The IPCC will be launching another report on Monday 4 April. This report covers the mitigation of climate change, basically how governments and leaders deliver on the promises made at the UNFCCC Paris COP21, and what should be done and when, in order for the best chance of limiting global temperatures as close to 1.5c as possible. It is being led by IPCC Working Group III, and negotiations began on Monday 21 March.
The Working Group III (AR6 WGIII) report will be the most comprehensive review of how we can mitigate climate change – since the I 5th assessment (AR5) in 2014, and the IPCC’s three recent special reports (SR1.5 in 2018 and the 2019 SRCCL and SROCC).
The report will be ratified after a plenary negotiation in which governments formally approve the summary for policymakers, ensuring high credibility in both science and policy communities. The outline is already approved, and the report will cover a broad spectrum of topics, from mitigation pathways and in-depth sectoral analysis to finance, international cooperation, net-zero and carbon dioxide removal. For the first time in IPCC history, chapters dedicated to technology, innovation and demand-side measures are included.
This briefing covers some of the major developments in our knowledge of mitigation since the IPCC’s AR5 was published in 2014. Today, mitigation literature largely reflects the 2015 Paris Agreement, increasing net-zero commitments and the growing need for action from non-governmental stakeholders including businesses, industry and financial institutions.
Since greenhouse gas emissions have continued to climb We are nowhere near on track to achieve the Paris targets of keeping warming below 2°C, and ideally 1.5°C. Current national climate plans (NDCs) will see us warm by about 2.7°C this century, or possibly even higher.
If CO2 emissions continue at current rates, we will exhaust the remaining 1.5°C carbon budget in the early 2030s. The energy infrastructure from planned and current fossil fuels alone commits us to about 846 GtCO2 (more than double what’s left in our 1.5°C carbon budget) and every year we add more carbon-intensive infrastructure than we decommission.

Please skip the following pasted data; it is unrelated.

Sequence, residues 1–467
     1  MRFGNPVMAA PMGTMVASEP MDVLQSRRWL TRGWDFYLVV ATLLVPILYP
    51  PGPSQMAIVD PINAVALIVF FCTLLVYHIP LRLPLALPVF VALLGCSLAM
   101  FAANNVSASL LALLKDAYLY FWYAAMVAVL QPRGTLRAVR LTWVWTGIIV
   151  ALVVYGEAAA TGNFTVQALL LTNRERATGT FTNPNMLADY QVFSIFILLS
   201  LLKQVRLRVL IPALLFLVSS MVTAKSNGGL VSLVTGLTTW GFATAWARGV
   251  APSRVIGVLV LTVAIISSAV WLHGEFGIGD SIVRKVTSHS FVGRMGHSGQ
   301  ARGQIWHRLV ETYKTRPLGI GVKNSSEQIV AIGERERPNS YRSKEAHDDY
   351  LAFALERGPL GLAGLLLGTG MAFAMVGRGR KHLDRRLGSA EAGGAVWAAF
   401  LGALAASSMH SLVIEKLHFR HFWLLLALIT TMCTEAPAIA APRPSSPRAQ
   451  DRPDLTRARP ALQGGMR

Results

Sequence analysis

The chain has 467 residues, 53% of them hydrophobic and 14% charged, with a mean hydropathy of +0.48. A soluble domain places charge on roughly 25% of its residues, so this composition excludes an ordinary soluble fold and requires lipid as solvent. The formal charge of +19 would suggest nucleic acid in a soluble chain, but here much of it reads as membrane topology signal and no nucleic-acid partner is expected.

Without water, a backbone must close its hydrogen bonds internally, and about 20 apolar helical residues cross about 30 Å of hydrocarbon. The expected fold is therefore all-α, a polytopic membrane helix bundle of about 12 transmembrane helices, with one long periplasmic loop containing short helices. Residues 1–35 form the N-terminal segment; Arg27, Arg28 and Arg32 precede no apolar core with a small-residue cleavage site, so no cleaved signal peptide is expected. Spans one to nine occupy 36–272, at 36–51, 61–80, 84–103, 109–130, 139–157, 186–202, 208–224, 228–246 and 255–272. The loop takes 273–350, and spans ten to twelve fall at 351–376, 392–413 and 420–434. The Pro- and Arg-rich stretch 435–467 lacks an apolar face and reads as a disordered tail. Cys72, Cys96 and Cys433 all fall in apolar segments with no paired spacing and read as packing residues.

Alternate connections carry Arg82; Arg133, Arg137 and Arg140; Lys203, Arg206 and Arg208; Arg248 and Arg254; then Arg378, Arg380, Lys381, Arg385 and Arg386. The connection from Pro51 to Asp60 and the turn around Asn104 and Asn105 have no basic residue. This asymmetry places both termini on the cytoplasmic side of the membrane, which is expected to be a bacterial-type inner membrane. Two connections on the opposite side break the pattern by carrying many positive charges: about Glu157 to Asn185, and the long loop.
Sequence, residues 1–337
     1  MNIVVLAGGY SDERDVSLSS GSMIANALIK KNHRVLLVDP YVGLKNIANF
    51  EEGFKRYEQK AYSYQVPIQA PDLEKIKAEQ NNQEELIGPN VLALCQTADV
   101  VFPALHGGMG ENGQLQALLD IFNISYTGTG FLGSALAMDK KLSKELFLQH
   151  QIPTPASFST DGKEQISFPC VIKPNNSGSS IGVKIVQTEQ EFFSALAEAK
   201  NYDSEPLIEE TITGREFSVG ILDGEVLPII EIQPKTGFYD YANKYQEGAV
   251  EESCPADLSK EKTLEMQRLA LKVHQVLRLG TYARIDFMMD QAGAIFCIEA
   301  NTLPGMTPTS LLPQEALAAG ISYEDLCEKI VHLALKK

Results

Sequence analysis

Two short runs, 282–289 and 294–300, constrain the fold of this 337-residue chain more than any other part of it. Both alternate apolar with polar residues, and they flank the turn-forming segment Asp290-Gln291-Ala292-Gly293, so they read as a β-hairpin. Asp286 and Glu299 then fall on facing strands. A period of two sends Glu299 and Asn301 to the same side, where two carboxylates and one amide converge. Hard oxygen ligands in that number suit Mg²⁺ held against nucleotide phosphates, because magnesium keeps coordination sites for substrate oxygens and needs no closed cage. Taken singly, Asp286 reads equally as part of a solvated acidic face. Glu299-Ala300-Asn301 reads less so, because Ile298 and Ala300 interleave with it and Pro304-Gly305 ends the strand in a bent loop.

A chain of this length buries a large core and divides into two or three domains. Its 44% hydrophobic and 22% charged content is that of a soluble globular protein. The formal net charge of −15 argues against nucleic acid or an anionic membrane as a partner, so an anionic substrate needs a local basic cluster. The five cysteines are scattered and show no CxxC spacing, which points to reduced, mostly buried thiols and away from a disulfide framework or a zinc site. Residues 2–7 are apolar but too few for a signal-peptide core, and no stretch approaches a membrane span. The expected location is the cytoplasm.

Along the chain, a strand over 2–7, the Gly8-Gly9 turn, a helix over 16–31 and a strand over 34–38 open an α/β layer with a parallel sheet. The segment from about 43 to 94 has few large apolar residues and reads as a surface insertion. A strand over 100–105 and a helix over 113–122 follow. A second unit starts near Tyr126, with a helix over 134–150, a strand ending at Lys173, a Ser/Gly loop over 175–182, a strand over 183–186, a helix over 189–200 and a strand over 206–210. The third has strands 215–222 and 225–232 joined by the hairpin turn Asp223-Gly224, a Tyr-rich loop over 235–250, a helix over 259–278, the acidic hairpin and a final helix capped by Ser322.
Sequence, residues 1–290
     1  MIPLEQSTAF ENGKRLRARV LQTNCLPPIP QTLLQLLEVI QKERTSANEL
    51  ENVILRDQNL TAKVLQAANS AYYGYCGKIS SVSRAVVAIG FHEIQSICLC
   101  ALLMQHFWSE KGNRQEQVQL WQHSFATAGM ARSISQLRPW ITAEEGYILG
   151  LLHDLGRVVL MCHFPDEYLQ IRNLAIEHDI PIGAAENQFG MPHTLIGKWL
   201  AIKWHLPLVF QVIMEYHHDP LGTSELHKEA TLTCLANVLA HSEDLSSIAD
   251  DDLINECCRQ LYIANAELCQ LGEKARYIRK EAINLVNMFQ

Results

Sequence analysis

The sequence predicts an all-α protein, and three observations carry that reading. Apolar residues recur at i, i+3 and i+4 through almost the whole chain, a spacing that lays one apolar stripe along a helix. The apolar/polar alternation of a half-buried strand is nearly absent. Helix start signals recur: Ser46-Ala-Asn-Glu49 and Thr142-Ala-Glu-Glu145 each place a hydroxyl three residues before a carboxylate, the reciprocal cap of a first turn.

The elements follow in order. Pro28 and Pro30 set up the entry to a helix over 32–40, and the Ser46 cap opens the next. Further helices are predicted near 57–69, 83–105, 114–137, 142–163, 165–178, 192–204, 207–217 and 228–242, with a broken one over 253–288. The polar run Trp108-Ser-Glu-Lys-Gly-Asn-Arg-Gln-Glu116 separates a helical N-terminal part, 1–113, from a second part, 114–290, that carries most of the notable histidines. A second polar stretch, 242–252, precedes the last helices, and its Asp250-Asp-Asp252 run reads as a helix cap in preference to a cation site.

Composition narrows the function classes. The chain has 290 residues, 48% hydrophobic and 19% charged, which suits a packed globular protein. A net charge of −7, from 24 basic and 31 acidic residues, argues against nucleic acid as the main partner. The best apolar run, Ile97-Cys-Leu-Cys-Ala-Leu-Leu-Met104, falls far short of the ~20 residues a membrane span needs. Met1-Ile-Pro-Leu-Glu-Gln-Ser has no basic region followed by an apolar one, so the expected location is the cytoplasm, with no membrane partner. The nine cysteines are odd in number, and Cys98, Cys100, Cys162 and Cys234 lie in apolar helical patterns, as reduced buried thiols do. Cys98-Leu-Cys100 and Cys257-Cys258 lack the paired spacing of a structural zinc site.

Of the greenhouse gases (GHGs), CO2 causes most warming due to its high concentration and long lifetime in the atmosphere. Despite efforts to reduce emissions, our burning of fossil fuels adds more CO2 to the atmosphere, pushing the cumulative atmospheric concentration to unsustainable highs. Between 1850-2019, coal, oil and gas accounted for ~66% of cumulative CO2 emissions, with land-use change responsible for about 32%.
But since then, there has been greater recognition of increasing emissions of methane (CH4) and nitrous oxide (N2O). Both are potent GHGs that trap about 34 and 300 times more heat than CO2 respectively (over a 100 year period). Methane is responsible for almost a quarter of human-caused warming to date, and concentrations are increasing faster now than at any time since the 1980s. Today, methane emissions are two-and-a-half times above pre-industrial levels. The AR6 WGI SPM authors emphasised that “strong, rapid and sustained reductions” in methane emissions would have the dual impact of limiting “the warming effect resulting from declining aerosol pollution” and improving air quality.
Between 2008-2017, agriculture and waste contributed most to the rise, followed by the fossil fuel industry. However, estimating by exactly how much, and from where, methane emissions are increasing is a topic of continued research and debate. For example, some researchers have found that the role of North American shale gas (so called “fracking”) has been significantly underestimated in calculating the global methane emissions.
Emissions of N2O have risen 20% from pre-industrial levels, with the fastest growth observed in the last 50 years, mainly due to nitrogen additions to croplands through fertilisers. In 2018, global GHG emissions were about 57% higher than in 1990 and about 43% higher than in 2000. Emissions continued to rise in 2019, when they reached about 59 GtCO2e. But in 2020, the COVID-19 pandemic led to a historical large drop in CO2 emissions from fossil fuels and industry. During the height of global lockdowns, daily emissions dropped by 17% compared to 2019, levels not seen since 2006, and people around the world were allowed a short respite from deadly air pollution. Since then, emissions have rebounded, and were the highest yet last year. However, research has shown that rebuilding the economy in a more green, sustainable, just and climate-centred way represents a far greater opportunity than the short, lockdown-triggered emissions break, which will have little impact in the long run.
The writer of this article is Dr. Seema Javed, a known Environmentalist, Journalist and Communications Expert